Adapted from Writers Workshop Script Doctor
Copyright © 1994, 1997, 1998, Dorian Scott Cole
Imagine you are at a city park full of people. You don't have to enjoy yourself if you don't want to, but here, take this cup of cola. Now, follow me through the crowd and whatever happens, don't spill the cola. Just ahead, sitting on the ground rubbing his feet, is the guy who runs the shoe store. We shove him over backwards and he falls to the feet of a lady customer who knows him. She calls him a pervert and holds her dress closely to her legs. A uniformed police officer gazes stonily in our direction. The man sits up and reaches for your arm - the one with the cola - to pull himself up. You back away, stepping right onto the foot of a little child, you clumsy lout! You lunge forward. Watch the cola! Ah, gee, right onto the front of the child's mother - all dressed up in a white satin blouse and black slacks - she grabs your cup and pours the remainder on your head. I told you to watch the cola! The policeman moves purposefully toward you.
This story has conflict, characters, dramatic action, even a little bit of a plot: follow me and don't spill the cola. Who are the important people in the story? Who are the ones the audience can focus on? The policeman who is going to arrest you? The child with the sore foot? His mother with the sore ego? The shoe store guy? They may all have an interesting story to tell, and may be very motivated, but they aren't going anywhere. The only ones who have a purpose are you and me. I'm taking you through the crowd. You're following and having a terrible time not spilling the cola. Who will the audience lock onto? Not the characters, but you or me, and until they know what our purpose is, neither of us. Which means, the audience has no focus and switches from person to person as the story unfolds. After a half hour of this, their brains may switch to another channel. You have to decide for them which character is the one they should focus on by showing that character's purpose.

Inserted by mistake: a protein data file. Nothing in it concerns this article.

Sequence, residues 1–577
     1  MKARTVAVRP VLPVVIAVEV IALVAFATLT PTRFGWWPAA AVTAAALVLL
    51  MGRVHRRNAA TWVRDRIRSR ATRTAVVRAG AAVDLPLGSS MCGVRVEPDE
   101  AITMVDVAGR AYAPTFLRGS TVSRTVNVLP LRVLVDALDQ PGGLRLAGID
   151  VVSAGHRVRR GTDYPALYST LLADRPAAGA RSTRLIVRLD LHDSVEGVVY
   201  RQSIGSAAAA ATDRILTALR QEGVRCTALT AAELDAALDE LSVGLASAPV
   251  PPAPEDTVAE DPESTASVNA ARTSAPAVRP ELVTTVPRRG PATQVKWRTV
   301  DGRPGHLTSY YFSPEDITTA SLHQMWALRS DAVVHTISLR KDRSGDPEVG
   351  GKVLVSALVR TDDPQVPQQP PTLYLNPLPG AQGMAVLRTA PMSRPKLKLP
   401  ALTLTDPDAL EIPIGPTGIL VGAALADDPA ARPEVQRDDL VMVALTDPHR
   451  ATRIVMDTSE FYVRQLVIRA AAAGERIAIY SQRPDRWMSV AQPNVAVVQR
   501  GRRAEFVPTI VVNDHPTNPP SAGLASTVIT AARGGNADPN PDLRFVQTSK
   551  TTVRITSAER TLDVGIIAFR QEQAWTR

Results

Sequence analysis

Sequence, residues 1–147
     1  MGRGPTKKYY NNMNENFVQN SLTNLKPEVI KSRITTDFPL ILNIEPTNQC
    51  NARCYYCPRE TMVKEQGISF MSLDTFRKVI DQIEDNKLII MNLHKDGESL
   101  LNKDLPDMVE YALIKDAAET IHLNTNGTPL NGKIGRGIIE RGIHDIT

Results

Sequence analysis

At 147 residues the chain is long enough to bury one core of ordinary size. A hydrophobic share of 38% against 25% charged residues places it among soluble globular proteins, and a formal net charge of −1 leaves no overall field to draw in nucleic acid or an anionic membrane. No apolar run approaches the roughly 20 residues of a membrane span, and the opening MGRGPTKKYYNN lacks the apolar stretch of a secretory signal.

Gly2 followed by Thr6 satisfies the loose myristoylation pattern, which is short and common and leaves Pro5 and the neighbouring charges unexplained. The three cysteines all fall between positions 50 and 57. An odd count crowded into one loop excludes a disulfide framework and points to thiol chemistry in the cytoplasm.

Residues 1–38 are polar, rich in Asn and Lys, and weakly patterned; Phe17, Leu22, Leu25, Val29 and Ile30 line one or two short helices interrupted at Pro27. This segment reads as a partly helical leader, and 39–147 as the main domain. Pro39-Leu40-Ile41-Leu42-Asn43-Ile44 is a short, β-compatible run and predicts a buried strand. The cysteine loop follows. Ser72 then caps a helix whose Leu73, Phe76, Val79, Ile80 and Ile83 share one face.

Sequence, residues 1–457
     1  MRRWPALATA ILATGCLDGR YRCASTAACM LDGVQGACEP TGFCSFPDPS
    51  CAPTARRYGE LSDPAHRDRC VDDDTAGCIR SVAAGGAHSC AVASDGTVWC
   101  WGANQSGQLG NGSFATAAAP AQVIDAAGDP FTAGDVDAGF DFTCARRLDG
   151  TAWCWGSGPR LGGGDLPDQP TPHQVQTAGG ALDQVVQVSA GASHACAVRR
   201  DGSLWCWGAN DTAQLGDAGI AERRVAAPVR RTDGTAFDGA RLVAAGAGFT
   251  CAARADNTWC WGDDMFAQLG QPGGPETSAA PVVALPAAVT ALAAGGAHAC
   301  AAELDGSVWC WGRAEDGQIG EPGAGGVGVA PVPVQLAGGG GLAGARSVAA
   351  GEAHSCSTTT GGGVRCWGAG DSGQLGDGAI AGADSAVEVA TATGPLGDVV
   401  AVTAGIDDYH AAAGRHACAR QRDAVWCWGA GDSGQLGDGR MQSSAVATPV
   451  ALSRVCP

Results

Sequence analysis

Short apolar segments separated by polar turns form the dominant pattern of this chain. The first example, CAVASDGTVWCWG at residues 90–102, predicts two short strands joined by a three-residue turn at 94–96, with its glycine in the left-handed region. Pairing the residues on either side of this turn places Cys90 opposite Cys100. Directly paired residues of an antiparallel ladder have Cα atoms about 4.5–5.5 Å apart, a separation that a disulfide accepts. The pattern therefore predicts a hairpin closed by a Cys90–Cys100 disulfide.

There can be more than one main character in a story. There can be several whose lives entwine and interest us, each with his own problems - subplots - that relate to the main plot. But there needs to be one, or at the most two, protagonists who are central to the main conflict. They are the ones who the audience hooks onto and who pull them through the story.
There should also be an antagonist - the opposite person who squares off against the protagonist to do battle. The antagonist may be the world or the system, or his own personal demons. Don Quixote fought windmills. The opposition in a story doesn't have to take bodily form, but there has to be something to conquer, even if it is only besting himself.
1) Decide which character you feel is most important and write the story around her. She should be the one who drives the story forward and carries the main plot.
2) If your antagonist is not in physical form, make sure you know, and the audience knows, what your protagonist is fighting.